pediment. The eight ionic columns of the outer side are
                 echoed by the corresponding sets attached to the front recessed
                 façade wall flanked by the three-storey twin bell towers. The squat
                 columns and semi-circular arched windows make for dramatic
                 contrast. The Augustinian symbol is inscribed on the wall above
                 the main entrance.”

It is considered by church experts to be “one of the most beautiful examples of ecclesiastical architecture that Spain has left the country”

Malabon bancas. Turn of the century postcard

The present Parish Priest of the Church, Fr. Ric Torrefiel, has done wonders in improving and beautifying the church, inside and out, that drew tributes and praises not only from  church parishioners but also from those who have personally seen and observed the building and its environs, including no less than Pres. P-Noy Aquino himself when he attended recently the wedding of his first cousin, Malabon Mayor Len-Len Oreta, who  expressed his admiration  for the beauty and edifying appeal of the Church.

Old postcard of Malabon and not Manila

It may be expecting too much but we hope and pray that sooner or later, San Bartolome Church becomes one of the region’s tourist destinations.

Bridge of  Malabon

First Day Cover issued by the Philpost to commemorate the Quadricentennial of San Bartolome Parish

97. BEYOND TOBACCO: A Bridge Between the Philippines and Spain TABACALERA Memorabilia

At the end of the 19th century the biggest tobacco company in the Philippines, was the Compañía General de Tabacos de Filipinas, more popularly known as Tabacalera.  The history of Tabacalera played an important role in the economic history of the Philippines and in Philippine-Spanish relations.

For the very first time the Embassy of Spain in the Philippines, in partnership with the Ayala Museum, held an exhibit Tabacalera:  Beyond Tobacco”.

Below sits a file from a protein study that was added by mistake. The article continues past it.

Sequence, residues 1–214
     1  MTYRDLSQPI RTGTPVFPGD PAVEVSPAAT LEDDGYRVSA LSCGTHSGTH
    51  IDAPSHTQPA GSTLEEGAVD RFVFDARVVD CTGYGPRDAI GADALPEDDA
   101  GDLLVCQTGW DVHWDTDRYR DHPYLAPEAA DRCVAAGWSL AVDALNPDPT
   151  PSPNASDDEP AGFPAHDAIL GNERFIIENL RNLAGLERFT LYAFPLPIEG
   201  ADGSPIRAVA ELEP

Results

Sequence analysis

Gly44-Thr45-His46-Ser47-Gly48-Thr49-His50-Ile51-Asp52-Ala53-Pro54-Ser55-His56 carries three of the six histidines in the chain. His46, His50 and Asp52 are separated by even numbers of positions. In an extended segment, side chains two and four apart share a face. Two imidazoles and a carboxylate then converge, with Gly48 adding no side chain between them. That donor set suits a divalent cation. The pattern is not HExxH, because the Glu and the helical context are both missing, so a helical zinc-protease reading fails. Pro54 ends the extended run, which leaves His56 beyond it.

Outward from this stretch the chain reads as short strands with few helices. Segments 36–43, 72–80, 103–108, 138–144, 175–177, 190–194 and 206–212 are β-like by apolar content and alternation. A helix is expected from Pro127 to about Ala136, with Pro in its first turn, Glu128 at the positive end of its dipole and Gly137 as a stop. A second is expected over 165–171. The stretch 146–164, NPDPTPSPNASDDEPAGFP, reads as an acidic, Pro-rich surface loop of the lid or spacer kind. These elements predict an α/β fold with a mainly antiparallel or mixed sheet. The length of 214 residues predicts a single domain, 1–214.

Curated by Prof. Martin Rodrigo, historian from the University of Pompeu Fabra in Barcelona, Spain, the exhibit showcased artifacts and other memorabilia from Tabacalera.

Exhibited were memorabilia, maps, books, art, cigarette wrappers and photographs of the Compañia General de Tobacos de Filipinas during and after the Tobacco Monopoly in the 19th century.   The artifacts exhibited were on loan from Filipino and Spanish institutions and private collectors.

Compañia General de Tabacos de Filipinas or Tabacalera was founded on November 26, 1881 by a Spaniard, Antonio Lopez Lopez, the first Marques of Comillas.  Tabacalera was established with the intention of taking over the Philippine Tobacco Monopoly from the Spanish colonial government.

During its heydays, the company controlled 90% of the whole Philippine tobacco industry. It took over many tobacco plants from the colonial government but soon opened its own factory in 1895 called La Flor de la Isabela.

The "Beyond Tobacco: A Bridge Between the Philippines and Spain" Exhibit was held this year (2014) from April 21 until July 6 at the Ayala Museum. A series of lectures were held at the Ayala Museum from April to June to further deepen the public’s understanding about the tobacco industry in the Philippines.

Old Tabacalera Stock Certificates.
Photo courtesy of Koji Arsula for WheninManila.com